Charles Hadfield to Frederick Chesson, 19 May 1878, C137/106

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Hadfield, Charles









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MSS. Brit. Emp. S. 18 / C137-106


19 May 78

My dear Mr Chesson,

In thanking you for the copy of ‘The Aborigines Friend’, allow me to say that I look upon the step taken by the South Australian Parliament to enable the Govt to make grants of land to the Aborigines of that colony, referred to in it to be a wise and encouraging measure in that the nomadic habits of those people have, until very recently, been so incessant as to have proved the chief obstacle not only to civilization but to their evangelization, our missionaries (humanly speaking) having mainly from this cause failed to arrest their sufficient heed to the gospel of the grace of god, duly to be preached unto them in common with all sinneres and ab uno sanguine, according to the Society’s motto. It is, therefore, not surprising that some colonists should still look upon civilization among them as impossible, and so be disposed to leave them ‘to roam at will,’ only one member of the S. Australian parl seems however to have so expressed himself. Their… of aborigines civilization much more than their conversion to Christianity has been ever looked upon by some as among the things impossible. But, happily, as Christians we are privileged to look upon their case from a higher and more hopeful point of view, believing that he who has … is not only faithful, but able to perform that with him ‘all things are possible.’ I offer two plain instances of this in our day. One, the moravian missionaries in Australia who when others had failed went forth with prayer and the pure gospel, and have effected something at least ‘a … of small things,’ and I trust soon to be followed by ‘greater’. Devoted men, I am assured, have, with god’s blessing, been enabled to not only check in a measure the wandering propensities of the tribes, but have been the means of Christianizing …, hence we take courage, and so we shall go on conquering and to conquer civilization will follow.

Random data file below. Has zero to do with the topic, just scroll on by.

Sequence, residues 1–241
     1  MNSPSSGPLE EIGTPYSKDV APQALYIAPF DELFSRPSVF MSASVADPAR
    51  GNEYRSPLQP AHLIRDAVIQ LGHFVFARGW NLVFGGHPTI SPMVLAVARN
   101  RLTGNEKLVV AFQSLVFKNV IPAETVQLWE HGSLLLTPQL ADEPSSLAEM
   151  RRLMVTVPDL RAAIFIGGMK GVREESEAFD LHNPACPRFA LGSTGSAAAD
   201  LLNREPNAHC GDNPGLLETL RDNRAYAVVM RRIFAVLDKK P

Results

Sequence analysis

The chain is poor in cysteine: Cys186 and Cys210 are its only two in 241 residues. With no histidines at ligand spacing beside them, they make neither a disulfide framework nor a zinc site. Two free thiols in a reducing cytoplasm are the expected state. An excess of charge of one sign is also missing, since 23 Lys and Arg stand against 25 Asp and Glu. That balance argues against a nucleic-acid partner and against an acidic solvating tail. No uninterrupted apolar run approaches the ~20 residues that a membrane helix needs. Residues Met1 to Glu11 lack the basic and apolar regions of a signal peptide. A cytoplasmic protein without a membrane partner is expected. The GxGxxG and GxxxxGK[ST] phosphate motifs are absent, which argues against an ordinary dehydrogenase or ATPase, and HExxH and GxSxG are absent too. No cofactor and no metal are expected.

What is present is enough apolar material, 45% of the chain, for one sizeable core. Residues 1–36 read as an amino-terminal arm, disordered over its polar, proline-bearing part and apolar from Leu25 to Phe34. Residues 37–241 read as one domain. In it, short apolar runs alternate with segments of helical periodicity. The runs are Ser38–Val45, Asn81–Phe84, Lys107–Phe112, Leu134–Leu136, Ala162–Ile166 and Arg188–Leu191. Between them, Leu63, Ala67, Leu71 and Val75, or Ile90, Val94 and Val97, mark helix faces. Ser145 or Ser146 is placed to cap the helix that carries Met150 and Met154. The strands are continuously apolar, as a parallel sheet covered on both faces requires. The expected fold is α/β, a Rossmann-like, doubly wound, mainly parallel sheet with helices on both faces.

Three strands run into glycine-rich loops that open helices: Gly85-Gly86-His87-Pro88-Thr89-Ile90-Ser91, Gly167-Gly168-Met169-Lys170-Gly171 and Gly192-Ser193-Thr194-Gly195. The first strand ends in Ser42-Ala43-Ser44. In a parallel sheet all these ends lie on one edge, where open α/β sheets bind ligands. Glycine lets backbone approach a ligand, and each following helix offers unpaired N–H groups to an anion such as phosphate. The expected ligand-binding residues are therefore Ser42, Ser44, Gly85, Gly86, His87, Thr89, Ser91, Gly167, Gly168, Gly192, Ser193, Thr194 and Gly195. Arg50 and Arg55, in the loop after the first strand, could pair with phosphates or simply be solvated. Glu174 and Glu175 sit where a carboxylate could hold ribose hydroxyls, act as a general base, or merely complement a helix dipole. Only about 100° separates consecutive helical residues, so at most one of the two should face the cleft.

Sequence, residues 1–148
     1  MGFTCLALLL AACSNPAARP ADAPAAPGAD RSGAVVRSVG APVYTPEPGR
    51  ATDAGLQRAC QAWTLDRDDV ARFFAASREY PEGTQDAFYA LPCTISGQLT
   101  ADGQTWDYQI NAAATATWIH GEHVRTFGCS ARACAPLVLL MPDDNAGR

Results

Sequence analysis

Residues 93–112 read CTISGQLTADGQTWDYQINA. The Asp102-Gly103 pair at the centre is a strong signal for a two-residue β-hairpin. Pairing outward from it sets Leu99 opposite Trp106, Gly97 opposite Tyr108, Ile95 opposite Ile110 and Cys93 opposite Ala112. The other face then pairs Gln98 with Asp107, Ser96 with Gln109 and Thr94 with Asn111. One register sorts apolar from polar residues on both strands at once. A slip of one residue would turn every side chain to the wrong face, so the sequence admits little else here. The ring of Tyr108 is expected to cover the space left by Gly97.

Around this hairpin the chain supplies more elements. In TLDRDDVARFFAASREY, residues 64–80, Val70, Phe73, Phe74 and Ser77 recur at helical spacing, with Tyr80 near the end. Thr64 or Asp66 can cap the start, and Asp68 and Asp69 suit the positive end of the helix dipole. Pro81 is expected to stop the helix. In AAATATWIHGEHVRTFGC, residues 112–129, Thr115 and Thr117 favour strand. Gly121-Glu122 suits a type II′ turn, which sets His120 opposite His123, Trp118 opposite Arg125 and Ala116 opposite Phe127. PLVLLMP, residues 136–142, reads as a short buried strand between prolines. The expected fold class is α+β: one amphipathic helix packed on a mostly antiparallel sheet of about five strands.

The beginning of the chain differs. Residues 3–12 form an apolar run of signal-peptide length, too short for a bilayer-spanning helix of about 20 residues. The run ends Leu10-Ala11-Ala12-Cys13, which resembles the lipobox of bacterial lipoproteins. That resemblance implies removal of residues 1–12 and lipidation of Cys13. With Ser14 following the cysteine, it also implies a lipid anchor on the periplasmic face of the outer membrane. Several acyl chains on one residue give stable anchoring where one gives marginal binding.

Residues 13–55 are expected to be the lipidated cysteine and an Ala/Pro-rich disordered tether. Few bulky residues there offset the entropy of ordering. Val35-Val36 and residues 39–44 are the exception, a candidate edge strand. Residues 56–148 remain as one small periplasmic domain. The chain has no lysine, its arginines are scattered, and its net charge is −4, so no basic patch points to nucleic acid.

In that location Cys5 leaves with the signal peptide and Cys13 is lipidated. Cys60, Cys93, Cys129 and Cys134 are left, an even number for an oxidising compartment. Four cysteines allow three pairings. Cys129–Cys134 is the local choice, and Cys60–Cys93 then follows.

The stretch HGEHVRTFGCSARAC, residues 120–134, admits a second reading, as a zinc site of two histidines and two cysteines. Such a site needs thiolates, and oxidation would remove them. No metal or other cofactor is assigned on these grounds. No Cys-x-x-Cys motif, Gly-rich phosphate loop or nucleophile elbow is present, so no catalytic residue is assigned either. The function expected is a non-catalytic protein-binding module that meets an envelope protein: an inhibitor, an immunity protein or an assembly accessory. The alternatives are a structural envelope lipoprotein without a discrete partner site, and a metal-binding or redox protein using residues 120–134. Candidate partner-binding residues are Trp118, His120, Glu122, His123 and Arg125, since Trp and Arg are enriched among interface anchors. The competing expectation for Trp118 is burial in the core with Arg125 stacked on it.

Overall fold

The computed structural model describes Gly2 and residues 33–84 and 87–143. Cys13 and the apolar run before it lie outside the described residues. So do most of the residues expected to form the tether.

The other instance I would just refer to is the result of M Duncan’s – a lay man, work among the savage indians of north British Columbia. With the prayer of faith and with bible in hand that devoted Christian encountered those terrible cannibals, affecting wonders by god’s grace, and has since collected his gathered church and build a town near the sea where they have not only built a church, school house, but established trading by sea, with promise of high state of civilization shortly.

Having the promise that ‘the knowledge of the Lord shall cover the earth’ we know also that civilization will also be universal. Thus I give a word for our missionary societies.

I am
Dear Sir
Yours very truly
Charles Hadfield Col